In 1906, the 15-meter (50 ft) lighthouse was badly damaged by an earthquake and deemed unsalvageable. It was replaced in 1909 with a 26-meter (85 ft) lighthouse located at the south end of the island. This lighthouse remained the same until 1963.

At that time, the traditional lenses were replaced with an automatically rotating beacon. The automation coincided with the closing of the penitentiary, making the upgraded lighthouse part of the museum that Alcatraz became. In 1970, a large fire destroyed all of the buildings on the island (except for the prison), including the warden’s home and the keepers’ quarters. The lighthouse was only scorched and remained operational.

7 The Escape Attempts


Photo credit: Benlechlitner

Even though Alcatraz is arguably the most famous prison in the world, it only operated for 29 years. Its notoriety was mainly derived from its reputation as an impenetrable fortress from which nobody could escape. That didn’t stop people from trying, though. During its history, 36 men tried to escape from Alcatraz on 14 different occasions (two of them twice).

Twenty-three of those men were caught, six were shot while trying to escape, and two drowned. We don’t know what happened to the other five, who are listed as missing and presumed dead. Officially, nobody has ever escaped from Alcatraz.

However, rumors persist that some inmates may have made it out alive. We know it’s possible to survive the cold waters surrounding the island. On April 14, 1943, four inmates took two guards hostage and made their escape. Two of them were caught swimming, another one was shot and drowned, and a fourth, Floyd Hamilton, was also presumed drowned initially. However,Hamilton survived his escape attempt and spent the next two days hiding in a nearby sea cave before emerging to turn himself in.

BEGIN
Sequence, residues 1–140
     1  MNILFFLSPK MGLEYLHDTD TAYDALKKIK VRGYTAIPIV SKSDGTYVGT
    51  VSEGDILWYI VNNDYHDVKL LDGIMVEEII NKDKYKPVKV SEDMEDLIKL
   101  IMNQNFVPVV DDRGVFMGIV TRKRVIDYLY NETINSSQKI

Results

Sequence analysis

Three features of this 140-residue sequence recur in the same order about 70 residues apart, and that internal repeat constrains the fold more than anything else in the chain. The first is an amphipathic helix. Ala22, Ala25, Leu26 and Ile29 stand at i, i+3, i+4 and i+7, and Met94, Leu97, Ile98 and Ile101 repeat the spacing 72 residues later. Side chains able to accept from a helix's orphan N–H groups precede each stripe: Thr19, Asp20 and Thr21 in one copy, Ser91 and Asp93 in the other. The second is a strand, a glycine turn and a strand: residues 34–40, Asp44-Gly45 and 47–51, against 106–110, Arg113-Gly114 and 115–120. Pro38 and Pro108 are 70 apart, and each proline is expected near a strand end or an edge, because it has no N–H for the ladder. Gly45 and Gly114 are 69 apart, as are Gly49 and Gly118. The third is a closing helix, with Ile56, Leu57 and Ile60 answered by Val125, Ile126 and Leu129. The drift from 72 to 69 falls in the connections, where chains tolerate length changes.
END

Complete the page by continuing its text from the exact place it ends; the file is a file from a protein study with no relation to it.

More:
Not all escape attempts were as well planned as that one. The first escape attempt occurred on April 27, 1936, when inmate Joe Bowers simply began scaling the chain-link fence in full view of the guards. When he disobeyed orders to climb down, he was shot and fell to his death.

6 Alcatraz And Birds


Photo credit: Department of Justice

Alcatraz has a longstanding relationship with birds. Everybody knows that one of the most famous residents of the prison was the “Birdman of Alcatraz,” an inmate with a penchant for raising canaries. He gained worldwide fame from the eponymous movie starring Burt Lancaster.

Robert Stroud (pictured above), the real Birdman of Alcatraz, was quite different from his movie counterpart. Stroud was a violent repeat offender who killed two people and tried to kill a third. Furthermore, he never actually had any birds at Alcatraz but rather at Leavenworth before his transfer to Alcatraz.

The name of the island is also inspired by birds. In 1775, when the Spanish explorer Juan Manuel de Ayala was the first European to map San Francisco Bay, he named the island “Alcatraces,” which was eventually anglicized to Alcatraz. Although we’re unsure of the meaning of the word, it’s commonly believed to be an old word for “pelican” or “strange bird.”

Today, the island is overrun with birds. Many colonies of seabirds call Alcatraz home, and parts of the island are closed off to tourists during breeding season to protect nesting birds.

5 Creepy Karpis

Alvin Karpis, nicknamed “Creepy” for his off-putting smile, had the distinction of being the longest-serving inmate at Alcatraz. The prison lasted for 29 years, and Karpis was around for 26 of them, serving a life sentence forkidnapping and robbery.